In 2015, Timothy wrote an article to express his worry that the People's Republic of China was effectively buying Britain's silence on allegations of Chinese human rights abuse and opposing China's involvement in sensitive sectors such as the Hinkley Point C nuclear power station. He criticised David Cameron and George Osborne for "selling our national security to China" and asserted that "the Government seems intent on ignoring the evidence and presumably the advice of the security and intelligence agencies." He warned that security experts were worried that the Chinese could use their role in the programme to build weaknesses into computer systems which would allow them to shut down Britain's energy production at will and argued that "no amount of trade and investment should justify allowing a hostile state easy access to the country's critical national infrastructure."[15][16]

In October 2016, the Health Service Journal rated him as the fifth most influential person in the English NHS in 2016.[17]

Timothy has stated that he voted to leave the European Union in the 2016 membership referendum.[18][1]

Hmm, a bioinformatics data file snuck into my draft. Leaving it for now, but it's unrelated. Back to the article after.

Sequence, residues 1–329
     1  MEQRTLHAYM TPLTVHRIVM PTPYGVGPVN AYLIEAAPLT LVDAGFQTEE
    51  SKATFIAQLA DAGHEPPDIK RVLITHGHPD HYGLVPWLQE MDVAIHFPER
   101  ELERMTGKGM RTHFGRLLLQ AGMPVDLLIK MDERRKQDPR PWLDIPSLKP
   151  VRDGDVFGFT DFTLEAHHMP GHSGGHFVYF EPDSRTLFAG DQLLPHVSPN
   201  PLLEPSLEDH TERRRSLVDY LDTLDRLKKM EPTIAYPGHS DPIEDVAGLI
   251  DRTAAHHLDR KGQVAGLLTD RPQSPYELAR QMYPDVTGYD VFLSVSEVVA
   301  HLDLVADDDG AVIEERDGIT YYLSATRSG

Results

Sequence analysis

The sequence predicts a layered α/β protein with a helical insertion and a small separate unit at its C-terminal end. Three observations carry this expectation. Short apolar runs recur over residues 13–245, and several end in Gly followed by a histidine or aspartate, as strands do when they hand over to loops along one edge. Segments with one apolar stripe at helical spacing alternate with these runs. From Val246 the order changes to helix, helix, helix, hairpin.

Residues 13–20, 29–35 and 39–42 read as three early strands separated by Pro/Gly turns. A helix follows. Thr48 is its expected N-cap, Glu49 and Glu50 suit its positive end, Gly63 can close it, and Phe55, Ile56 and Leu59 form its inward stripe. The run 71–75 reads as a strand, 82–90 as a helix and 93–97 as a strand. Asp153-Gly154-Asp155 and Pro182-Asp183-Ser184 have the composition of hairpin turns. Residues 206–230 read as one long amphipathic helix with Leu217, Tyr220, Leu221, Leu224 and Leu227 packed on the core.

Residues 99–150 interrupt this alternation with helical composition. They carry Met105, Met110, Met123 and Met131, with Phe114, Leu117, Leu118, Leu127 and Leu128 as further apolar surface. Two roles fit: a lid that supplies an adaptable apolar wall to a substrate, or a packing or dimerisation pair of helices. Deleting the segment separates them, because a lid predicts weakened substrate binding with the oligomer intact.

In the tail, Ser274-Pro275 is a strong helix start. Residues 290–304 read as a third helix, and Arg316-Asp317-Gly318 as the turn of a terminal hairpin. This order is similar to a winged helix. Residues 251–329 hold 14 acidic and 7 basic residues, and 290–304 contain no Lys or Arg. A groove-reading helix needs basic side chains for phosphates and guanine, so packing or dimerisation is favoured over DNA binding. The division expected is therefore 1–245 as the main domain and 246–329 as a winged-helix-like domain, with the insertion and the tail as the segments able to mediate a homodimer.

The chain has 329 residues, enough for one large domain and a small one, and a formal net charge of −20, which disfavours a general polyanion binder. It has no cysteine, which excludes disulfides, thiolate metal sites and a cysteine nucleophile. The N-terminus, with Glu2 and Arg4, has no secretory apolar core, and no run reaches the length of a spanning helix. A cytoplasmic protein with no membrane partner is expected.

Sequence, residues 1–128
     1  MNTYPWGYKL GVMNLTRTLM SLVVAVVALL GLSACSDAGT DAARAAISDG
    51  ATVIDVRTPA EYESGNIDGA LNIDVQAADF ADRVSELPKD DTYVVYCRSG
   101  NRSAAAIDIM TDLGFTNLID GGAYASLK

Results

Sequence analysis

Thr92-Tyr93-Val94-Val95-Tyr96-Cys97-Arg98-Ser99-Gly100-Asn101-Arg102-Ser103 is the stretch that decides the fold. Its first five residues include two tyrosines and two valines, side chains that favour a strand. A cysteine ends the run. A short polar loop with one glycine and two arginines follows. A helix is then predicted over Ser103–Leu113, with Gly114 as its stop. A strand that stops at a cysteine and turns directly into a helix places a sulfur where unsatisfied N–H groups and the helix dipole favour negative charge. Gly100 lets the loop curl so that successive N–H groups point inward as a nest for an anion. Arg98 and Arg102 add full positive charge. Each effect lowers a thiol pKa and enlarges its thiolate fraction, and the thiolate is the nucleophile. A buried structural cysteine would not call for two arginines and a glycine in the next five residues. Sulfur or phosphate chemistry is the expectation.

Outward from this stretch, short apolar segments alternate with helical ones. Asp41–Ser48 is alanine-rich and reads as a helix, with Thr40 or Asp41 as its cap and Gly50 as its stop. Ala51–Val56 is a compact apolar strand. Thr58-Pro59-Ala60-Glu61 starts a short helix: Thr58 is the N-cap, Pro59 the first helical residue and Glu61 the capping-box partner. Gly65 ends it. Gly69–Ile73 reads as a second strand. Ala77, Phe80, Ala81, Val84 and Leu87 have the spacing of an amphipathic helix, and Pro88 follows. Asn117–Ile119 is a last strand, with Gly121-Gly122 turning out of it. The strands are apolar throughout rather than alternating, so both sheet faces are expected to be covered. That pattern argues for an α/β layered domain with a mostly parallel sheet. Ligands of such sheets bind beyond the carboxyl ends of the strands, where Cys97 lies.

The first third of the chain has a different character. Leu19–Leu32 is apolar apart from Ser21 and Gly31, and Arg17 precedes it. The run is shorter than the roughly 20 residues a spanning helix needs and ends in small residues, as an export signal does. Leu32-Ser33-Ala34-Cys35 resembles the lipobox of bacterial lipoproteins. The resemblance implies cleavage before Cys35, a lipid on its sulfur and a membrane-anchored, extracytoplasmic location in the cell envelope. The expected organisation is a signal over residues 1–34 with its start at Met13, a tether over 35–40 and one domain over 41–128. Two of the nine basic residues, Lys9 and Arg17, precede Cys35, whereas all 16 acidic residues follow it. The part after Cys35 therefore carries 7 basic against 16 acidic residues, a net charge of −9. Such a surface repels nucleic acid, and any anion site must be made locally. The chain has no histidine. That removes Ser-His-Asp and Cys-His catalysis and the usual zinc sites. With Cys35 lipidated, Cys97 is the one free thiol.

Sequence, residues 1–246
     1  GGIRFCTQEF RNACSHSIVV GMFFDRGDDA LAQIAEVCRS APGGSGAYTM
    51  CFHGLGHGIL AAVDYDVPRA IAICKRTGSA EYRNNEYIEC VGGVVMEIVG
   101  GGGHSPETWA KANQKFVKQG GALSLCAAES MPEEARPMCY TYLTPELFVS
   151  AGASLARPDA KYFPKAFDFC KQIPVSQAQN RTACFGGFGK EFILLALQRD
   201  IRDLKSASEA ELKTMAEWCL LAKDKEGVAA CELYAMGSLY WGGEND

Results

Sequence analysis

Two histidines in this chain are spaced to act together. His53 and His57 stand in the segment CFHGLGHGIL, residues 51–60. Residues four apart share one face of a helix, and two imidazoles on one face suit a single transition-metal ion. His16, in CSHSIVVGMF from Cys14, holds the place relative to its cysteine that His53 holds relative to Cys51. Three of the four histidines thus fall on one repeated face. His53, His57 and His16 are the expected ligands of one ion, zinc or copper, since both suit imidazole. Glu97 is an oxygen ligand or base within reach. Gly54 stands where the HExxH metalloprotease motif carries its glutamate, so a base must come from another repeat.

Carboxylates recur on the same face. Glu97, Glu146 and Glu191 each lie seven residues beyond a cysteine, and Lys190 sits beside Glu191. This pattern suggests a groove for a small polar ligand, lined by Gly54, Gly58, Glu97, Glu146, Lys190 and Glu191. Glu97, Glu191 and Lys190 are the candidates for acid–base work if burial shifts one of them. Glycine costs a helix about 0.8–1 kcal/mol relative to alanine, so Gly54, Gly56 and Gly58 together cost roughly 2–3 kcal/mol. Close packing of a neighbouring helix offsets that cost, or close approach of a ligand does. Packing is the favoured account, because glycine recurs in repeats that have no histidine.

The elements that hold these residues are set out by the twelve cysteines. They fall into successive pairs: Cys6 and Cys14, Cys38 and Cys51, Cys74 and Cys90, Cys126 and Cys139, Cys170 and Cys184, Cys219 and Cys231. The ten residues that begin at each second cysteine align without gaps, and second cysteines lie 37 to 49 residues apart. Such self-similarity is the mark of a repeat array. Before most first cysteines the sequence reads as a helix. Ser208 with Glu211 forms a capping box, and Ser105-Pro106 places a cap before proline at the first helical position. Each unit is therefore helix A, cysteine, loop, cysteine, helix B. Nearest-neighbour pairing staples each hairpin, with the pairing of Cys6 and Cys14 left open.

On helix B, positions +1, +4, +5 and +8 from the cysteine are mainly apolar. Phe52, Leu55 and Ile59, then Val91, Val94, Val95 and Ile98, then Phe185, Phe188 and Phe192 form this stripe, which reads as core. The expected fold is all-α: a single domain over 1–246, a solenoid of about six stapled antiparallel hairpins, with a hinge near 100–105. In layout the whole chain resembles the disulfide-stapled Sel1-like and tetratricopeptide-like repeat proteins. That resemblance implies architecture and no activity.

Downing Street[edit]

Following David Cameron's resignation as Prime Minister in the wake of the Brexit referendum result, Timothy took a sabbatical from his position at the NSN to work on Theresa May's 2016 leadership campaign. May's campaign was a success and Timothy was appointed Joint Chief of Staff to the Prime Minister on 14 July 2016.[19]

In spring 2017, May called a snap general election. As a result of the election, the Conservative Party lost its majority and became a minority government dependent on the Democratic Unionist Party for their majority. Timothy, along with Fiona Hill, faced immediate calls for his removal.[20] Theresa May was also given an ultimatum by Conservative Members of Parliament, to sack Timothy or face her own leadership challenge.[21]

On 9 June 2017, Timothy resigned as Joint Chief of Staff to the Prime Minister.[22] He, along with Hill, had been blamed by members of the Conservative Party for a disastrous campaign, which resulted in May losing a 20-point lead in the polls.[6] Reflecting in 2020 on the projected cost of adult social care, Timothy wrote "Many things went wrong in that election campaign, but I resigned as joint Chief of Staff in Downing Street because our social care proposal blew up the manifesto."[23]


Since leaving Downing Street, Timothy has worked as a columnist for The Daily Telegraph newspaper.[24]